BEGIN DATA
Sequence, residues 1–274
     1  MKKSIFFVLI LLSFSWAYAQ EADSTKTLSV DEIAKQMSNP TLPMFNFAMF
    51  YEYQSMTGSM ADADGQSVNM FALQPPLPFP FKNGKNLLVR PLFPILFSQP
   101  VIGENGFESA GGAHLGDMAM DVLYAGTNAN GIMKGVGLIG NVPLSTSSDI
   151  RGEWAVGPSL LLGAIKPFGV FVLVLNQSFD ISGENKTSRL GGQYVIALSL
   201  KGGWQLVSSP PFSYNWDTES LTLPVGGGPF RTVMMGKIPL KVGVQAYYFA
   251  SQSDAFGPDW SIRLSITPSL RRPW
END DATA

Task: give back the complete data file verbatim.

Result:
Sequence, residues 1–274
     1  MKKSIFFVLI LLSFSWAYAQ EADSTKTLSV DEIAKQMSNP TLPMFNFAMF
    51  YEYQSMTGSM ADADGQSVNM FALQPPLPFP FKNGKNLLVR PLFPILFSQP
   101  VIGENGFESA GGAHLGDMAM DVLYAGTNAN GIMKGVGLIG NVPLSTSSDI
   151  RGEWAVGPSL LLGAIKPFGV FVLVLNQSFD ISGENKTSRL GGQYVIALSL
   201  KGGWQLVSSP PFSYNWDTES LTLPVGGGPF RTVMMGKIPL KVGVQAYYFA
   251  SQSDAFGPDW SIRLSITPSL RRPW